This year, Canadian Prime Minister Justin Trudeau made international headlines, for a variety of reasons. He holds the reputation of being one of the most handsome politicians to ever hold office (Just ask Vogue magazine—they recently listed him as a contender on their “Sexiest Man Alive” list). But besides being sexy, he has also proven to be a compassionate man who is concerned with international issues.
This concern led to a campaign pledge promising a Canadian home for 25,000 refugees by the end of 2015. Some speculators say that his ideas and solutions on dealing with the crisis helped him get elected. But last, when the details of this plan were announced, Canadians realized that some promises are much more difficult to keep than make.
The Liberal government announced that it had discussed and finalized the details of their Syrian refugee resettlement plan and how it would pan out in Canada.
Only 10,000 of the 25,000 promised refugees will arrive in Canada by Dec. 31. The first 10,000 are set to arrive in just a few days on Dec. 10. Another 15,000 are expected between the beginning of January and the end of February, which means that Trudeau’s plan has been pushed back by two months—a delay that actually works well for some Canadians who criticized and questioned whether his aggressive plan was realistic. Trudeau insists that the expanded timeline will help Canada to “get it right.”
Besides the government’s initiative, there are several private efforts being made to help resettle an expected additional 10,000 refugees.
Families across Canada have banded together to privately sponsor families. Part of the incentive was the Canadian government promising to match the financial contributions of private sponsors. The estimated cost of sponsoring a refugee is difficult to measure. But according to the CBC, one businessman is spending $1.5-million on 50 refugees. That works out to be about $35,000 per individual.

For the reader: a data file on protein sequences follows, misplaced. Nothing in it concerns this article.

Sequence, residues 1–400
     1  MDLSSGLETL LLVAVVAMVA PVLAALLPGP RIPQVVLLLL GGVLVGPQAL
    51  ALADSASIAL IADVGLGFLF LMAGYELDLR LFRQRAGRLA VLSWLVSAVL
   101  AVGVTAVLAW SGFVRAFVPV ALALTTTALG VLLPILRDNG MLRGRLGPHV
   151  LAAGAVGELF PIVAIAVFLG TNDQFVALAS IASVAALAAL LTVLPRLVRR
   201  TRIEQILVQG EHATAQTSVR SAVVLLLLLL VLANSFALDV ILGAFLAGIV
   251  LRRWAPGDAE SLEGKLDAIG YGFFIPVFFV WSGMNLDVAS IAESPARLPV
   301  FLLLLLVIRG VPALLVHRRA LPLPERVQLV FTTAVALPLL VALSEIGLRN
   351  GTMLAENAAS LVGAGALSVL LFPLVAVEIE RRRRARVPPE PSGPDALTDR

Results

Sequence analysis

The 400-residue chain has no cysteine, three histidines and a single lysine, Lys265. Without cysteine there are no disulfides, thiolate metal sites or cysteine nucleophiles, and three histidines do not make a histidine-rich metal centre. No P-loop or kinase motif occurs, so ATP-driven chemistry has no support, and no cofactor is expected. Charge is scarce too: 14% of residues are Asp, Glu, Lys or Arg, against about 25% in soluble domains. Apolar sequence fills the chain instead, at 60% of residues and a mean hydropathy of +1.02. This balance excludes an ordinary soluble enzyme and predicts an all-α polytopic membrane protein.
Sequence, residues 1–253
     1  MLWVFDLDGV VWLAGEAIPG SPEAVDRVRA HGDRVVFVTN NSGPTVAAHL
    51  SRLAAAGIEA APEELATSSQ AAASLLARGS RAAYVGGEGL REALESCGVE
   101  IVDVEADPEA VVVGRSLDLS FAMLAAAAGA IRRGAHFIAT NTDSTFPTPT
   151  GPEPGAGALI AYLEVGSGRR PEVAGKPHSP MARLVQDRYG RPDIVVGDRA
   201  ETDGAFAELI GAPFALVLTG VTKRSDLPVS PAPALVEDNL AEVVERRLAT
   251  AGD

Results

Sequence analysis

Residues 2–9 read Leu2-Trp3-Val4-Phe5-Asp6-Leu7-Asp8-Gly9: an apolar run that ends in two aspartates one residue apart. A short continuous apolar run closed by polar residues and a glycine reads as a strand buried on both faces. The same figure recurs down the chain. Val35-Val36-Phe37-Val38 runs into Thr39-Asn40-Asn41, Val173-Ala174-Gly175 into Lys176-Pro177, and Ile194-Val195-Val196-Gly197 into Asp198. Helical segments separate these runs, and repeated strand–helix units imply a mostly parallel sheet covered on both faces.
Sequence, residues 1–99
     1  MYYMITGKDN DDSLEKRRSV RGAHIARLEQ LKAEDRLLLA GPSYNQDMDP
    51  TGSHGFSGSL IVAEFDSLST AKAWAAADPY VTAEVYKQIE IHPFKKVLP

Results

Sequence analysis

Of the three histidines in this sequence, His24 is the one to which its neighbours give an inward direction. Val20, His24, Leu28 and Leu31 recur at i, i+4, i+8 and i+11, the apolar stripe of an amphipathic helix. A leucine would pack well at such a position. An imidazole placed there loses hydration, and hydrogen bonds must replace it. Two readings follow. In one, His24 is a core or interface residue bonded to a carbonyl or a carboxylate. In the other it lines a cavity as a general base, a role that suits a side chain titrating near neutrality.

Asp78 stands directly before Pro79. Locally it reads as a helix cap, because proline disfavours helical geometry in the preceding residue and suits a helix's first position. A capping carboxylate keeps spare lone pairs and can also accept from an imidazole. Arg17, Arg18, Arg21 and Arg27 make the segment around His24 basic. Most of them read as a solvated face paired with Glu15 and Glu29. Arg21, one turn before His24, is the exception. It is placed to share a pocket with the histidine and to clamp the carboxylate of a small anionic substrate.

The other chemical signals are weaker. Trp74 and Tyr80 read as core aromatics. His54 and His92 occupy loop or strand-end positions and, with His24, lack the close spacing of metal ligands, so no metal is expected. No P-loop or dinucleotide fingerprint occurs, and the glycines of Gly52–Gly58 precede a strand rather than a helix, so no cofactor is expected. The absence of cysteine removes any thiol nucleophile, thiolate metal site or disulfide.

In addition to the cost of sponsorship, the families are also accepting the housing, educational and healthcare responsibilities. Typically, families offer what they can, like transportation or short-term housing, while others offer to take care of things like teaching English and helping families get familiar with their new environment.
With private sponsorships, the public concern virtually disappears. But the government’s plan is open to public scrutiny. And some Canadians haven’t held back in expressing their concern.
Part of the concern is the issue of housing. The extra 10,000 people set to enter into the province of Ontario alone by March raised concerns that there would not be enough places for refugees to stay. However, urban planners have studied the issue and reassured Canadians that getting hung up on numbers is not necessary.
The urban planners urge Canadians to remember that an influx of 10,000 refugees doesn’t necessarily mean an additional 10,000 housing units are required. Instead, many of these refugees will be families and will only require one roof. Breaking down the numbers even further, it is expected that only 2,000 housing units will be needed. Against the backdrop of 1.3 million rental units available throughout Ontario, the change will likely be unnoticeable.
The other opposition is the security issue. Some Canadians worry that the screening process will not be enough to ensure that we are not, in fact, accepting members of ISIS into Canada acting as refugees. This, too, has been addressed by health and public safety ministers Jane Philpott and Ralph Goodale.
Canadians have been promised that 100 percent of all screening will take place prior to the refugees even boarding the plane. This was announced after concerns arose that some screening would be done once the refugees landed in Canada, making it too late to forbid entry to anyone who posed a threat.
The government continues to promise that all security risks will be addressed and dealt with accordingly.
Beyond the delay, the fear, and the context of the crisis itself, it’s truly a heartwarming story of what can be done when people band together. Some families have gone so far as to look at housing in predominantly Muslim areas, where the refugees will have easy access to mosques, halal grocers, and people who speak Arabic.
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